Owners of Threshers Brewing Co, a popular craft beer destination in the Midcoast, found themselves embroiled in a dispute with town officials over whether outdoor live music events are permitted at the business.

The company, which is located in Come Spring Business Park near Fraternity Village Store, opened its doors about a year ago, offering several craft brews on tap. Owners Ethan Evangelos and Scott Bendtson also encouraged local bands to come to the brewery to play music.

Most recently, the pair hosted an outdoor live music event on the property, which drew numerous people to the business. However, the event also caught the attention of Code Enforcement Officer Frank Therio, who informed Bendtson and Evangelos that such events fell outside the bounds of their permit.

Up until that weekend event, Threshers Brewing had a permit to brew beer and also run a 30-seat tasting room in the building. The permit did not, however, include outdoor entertainment.

Fearing their brewery operation might be in jeopardy, the two put out a cry for help on the company's Facebook page asking supporters to attend a May 2 Planning Board meeting. Their plea was answered and numerous supporters attended the meeting, packing into the Town Office.

Before the meeting started, First Selectman Bruce Brierley reassured attendees that the town was not trying to shut down Threshers.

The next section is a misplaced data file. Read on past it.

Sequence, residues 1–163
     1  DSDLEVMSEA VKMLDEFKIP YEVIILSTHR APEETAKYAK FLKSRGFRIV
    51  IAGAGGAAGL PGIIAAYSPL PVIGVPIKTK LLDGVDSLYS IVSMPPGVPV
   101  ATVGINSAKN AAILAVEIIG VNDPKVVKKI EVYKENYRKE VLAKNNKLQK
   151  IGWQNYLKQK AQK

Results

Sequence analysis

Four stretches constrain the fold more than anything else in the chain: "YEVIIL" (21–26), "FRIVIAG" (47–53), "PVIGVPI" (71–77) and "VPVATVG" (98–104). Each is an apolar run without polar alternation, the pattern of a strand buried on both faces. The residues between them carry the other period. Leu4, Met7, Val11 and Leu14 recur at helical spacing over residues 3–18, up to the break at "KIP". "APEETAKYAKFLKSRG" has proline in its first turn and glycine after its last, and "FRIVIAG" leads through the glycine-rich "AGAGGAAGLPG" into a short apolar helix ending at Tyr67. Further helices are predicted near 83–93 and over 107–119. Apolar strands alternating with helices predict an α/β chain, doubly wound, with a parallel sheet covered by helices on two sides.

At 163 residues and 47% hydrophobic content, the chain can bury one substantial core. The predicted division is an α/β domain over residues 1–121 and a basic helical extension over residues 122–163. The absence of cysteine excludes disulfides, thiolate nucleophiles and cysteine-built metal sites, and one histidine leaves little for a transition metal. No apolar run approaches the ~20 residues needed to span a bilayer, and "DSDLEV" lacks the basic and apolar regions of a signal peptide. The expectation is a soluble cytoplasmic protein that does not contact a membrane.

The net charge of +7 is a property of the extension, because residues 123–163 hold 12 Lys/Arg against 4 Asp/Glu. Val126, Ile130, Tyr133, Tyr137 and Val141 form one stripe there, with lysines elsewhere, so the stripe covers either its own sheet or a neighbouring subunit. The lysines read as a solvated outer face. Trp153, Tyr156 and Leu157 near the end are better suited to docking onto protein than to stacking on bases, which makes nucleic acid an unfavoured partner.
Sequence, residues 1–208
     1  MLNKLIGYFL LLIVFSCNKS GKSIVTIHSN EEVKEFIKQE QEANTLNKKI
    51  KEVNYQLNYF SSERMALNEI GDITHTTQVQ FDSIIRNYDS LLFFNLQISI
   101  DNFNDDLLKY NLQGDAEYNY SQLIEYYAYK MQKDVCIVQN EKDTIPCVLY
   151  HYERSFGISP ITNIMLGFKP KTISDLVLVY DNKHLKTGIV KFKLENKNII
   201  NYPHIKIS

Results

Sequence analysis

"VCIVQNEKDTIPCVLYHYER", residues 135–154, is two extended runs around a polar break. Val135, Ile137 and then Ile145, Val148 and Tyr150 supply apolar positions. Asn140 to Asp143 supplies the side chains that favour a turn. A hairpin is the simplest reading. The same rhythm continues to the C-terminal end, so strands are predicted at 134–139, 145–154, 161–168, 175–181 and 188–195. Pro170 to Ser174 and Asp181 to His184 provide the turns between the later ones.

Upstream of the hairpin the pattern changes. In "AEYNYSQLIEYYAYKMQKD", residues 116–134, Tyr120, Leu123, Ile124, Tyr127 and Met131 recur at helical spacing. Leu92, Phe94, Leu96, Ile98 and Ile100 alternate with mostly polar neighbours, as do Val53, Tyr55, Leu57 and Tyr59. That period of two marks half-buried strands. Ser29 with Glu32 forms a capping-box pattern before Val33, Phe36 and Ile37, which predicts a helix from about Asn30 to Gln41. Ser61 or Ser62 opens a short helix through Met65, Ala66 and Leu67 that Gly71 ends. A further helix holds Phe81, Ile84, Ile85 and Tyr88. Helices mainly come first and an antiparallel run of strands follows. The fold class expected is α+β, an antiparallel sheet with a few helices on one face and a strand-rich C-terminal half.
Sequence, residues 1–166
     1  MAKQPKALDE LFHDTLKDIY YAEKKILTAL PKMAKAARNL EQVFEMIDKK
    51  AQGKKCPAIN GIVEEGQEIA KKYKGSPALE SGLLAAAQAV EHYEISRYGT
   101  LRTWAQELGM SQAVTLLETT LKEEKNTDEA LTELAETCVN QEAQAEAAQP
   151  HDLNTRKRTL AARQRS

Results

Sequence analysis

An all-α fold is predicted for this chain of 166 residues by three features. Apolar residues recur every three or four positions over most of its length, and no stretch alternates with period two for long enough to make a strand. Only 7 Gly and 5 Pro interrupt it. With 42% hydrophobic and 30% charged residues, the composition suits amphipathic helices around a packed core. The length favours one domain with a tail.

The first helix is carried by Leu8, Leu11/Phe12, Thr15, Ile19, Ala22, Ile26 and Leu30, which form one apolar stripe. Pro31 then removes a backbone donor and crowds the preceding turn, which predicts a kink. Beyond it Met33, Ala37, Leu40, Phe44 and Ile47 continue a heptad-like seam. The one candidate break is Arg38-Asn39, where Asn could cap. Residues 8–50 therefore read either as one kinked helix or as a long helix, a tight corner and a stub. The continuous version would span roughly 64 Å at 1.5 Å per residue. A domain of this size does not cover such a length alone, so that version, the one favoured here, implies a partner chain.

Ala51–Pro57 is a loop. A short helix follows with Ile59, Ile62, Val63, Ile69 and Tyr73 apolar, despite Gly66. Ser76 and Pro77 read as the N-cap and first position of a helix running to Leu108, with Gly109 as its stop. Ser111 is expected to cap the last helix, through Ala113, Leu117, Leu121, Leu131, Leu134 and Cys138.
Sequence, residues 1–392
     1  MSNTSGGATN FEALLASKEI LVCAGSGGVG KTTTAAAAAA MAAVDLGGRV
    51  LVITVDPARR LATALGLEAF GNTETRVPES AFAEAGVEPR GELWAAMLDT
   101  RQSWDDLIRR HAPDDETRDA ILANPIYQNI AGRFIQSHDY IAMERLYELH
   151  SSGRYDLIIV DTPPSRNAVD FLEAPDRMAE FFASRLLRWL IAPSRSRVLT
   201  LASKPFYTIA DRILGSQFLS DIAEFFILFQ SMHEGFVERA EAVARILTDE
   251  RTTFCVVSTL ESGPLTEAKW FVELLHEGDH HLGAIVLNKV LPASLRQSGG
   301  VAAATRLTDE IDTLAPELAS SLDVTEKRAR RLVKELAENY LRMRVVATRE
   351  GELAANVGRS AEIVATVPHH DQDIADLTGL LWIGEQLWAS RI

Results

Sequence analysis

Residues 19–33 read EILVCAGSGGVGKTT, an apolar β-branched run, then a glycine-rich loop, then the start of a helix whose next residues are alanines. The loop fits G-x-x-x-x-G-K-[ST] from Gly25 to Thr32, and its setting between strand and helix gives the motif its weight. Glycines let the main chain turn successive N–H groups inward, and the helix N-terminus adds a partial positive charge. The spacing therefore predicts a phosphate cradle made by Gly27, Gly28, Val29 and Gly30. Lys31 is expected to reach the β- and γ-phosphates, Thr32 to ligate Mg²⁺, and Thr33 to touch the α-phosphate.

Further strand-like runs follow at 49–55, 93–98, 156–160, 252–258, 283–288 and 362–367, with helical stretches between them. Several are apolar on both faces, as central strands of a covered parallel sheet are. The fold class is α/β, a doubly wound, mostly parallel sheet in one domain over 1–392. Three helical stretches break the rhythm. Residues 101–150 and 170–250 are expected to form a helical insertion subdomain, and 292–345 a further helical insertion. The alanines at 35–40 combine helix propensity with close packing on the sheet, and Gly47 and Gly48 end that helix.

“We're not against it, we just want to do things right,” the first selectman said.

The purpose of the May 2 meeting was to allow Planning Board members to review an amendment to Threshers' original site permit that would allow the business owners to construct a covered area outside the brewery. The 16-by-24-foot area would provide cover for patrons during live music events, Evangelos said.

Evangelos said the covered area would be sited to the right of the entrance to the brewery.

Music events would probably be held Saturdays, Bendtson and Evangelos said, and also possibly on Fridays. They estimated such events would draw 40 to 50 people. Alcohol will be allowed to be consumed outside, pending selectmen's approval.

During discussion, Planning Board members questioned whether a septic system installed on the property has enough capacity to handle additional demand. Currently, the septic system is designed for 15 employees — not all of whom work in the brewery — who occupy the building where Threshers is located, Catherine Robbins-Halsted, chief financial officer of Come Spring Business Park, said. The system is designed to be further expanded, she noted.

Brewery patrons to date have been using a portable toilet on the property, Evangelos said.

Planning Board members also requested more information about handicapped access on the property and written documentation from the state fire marshal that a sprinkler system is not needed in the building.

Before discussion ended, Evangelos asked if a special permit is needed to have live music.

Town Clerk Kathy Hoey said state statute requires towns to have a special amusement permit, which governs events such as live music. The town, however, does not have such a permit at this time, but will be discussing the matter in the future. She said it's unclear exactly when the town will discuss a special amusement permit ordinance.

For now, Threshers' owners submitted a special amusement application copied from the city of Belfast's website. A public hearing regarding a special amusement permit for Threshers is scheduled for May 15 at 7 p.m. in the Searsmont Community Building meeting room.

After the meeting, Evangelos and Bendtson thanked their supporters for attending.

The board will meet again June 6 and most likely will vote on the application at that time.